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Are there places i can go to learn and practice how to make women squirt?
Sarah: AGAIN?! Ok, for the last time: squirting is not some indication of the intensity or quality of the orgasm. You know what’s weird to me about this obsession? That so many men think the apogee of sexual achievement lies in making a vagina do what a dick does. And then within that, the greatest achievement is making someone soak their headboard from the foot of the bed. Here’s a hot tip: instead of putting all this pressure on one overhyped outcome of sexual stimulation, why not channel that interest into learning how to make your girl orgasm multiple times? Making a woman squirt does not mean you have achieved some higher level of sexual prowess, especially if that’s the only “move” you’ve been working on for years. Instead, I’ll defer to Louis CK here: if you fucked her right, she won’t want to talk—in fact, she won’t want to do anything but sleep. Forget about the squirting and learn how to make a lady sleep.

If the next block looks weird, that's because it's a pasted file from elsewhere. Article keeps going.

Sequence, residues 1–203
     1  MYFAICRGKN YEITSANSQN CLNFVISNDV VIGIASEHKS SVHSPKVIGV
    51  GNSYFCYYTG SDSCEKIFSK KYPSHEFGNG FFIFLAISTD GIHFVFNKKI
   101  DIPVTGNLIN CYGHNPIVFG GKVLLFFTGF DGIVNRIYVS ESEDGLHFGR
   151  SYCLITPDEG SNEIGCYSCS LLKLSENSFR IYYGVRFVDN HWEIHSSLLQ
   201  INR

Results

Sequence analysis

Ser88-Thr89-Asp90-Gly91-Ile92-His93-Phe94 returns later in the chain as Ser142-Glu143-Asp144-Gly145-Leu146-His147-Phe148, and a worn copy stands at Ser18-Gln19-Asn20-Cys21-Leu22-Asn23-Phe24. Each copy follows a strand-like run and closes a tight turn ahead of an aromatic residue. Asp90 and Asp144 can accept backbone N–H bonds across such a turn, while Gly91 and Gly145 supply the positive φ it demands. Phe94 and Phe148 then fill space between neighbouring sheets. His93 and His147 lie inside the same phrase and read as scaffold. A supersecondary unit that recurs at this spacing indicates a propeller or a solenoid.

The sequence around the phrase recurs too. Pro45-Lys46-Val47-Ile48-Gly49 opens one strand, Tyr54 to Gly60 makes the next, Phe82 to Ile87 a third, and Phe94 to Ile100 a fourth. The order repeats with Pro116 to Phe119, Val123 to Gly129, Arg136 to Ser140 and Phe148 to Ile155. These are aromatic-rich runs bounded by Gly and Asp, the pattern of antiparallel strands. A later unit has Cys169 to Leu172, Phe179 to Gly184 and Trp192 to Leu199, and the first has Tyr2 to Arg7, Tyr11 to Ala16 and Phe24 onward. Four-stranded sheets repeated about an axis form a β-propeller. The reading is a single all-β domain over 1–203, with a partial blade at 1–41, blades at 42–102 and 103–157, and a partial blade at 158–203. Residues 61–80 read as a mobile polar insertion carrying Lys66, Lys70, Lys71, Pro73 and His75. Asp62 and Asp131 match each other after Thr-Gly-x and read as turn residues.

Dr. Debby: There are books and, some places, workshops but I don’t recommend it. Based on several scientific studies by different teams of researchers, squirting appears to be the release of large amounts of diluted urine which is different than female ejaculation which is the release of smaller amounts of fluid more like prostate fluid. Some of the squirting lessons I’ve seen recommend pushing down on the pelvic floor muscles, which is generally not considered advisable as we want to keep theme strong and not possibly stress or weaken them. To learn more about these issues check out The G Spot: And Other Discoveries About Human Sexuality (for some of the classic research and early descriptions). And if you’re really into the science of it, a recent “early view” article in the Journal of Sexual Medicine sums up the latest research on so-called “squirting” versus female ejaculation. All that said, squirting isn’t a bad thing - many women experience it and they and their partners may enjoy it quite a bit. It happens to many women naturally without any pushing motion needed. The part I’m cautioning about is the motion of pushing or straining the pelvic floor muscles, which is what too many of the lessons I’ve seen focus on.